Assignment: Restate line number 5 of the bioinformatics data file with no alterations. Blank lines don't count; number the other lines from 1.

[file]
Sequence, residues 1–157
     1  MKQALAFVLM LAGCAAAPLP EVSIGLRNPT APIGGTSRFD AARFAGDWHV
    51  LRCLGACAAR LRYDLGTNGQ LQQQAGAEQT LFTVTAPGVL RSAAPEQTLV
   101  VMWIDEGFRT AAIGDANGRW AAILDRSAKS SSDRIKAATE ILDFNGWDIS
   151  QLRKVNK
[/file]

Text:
   151  QLRKVNK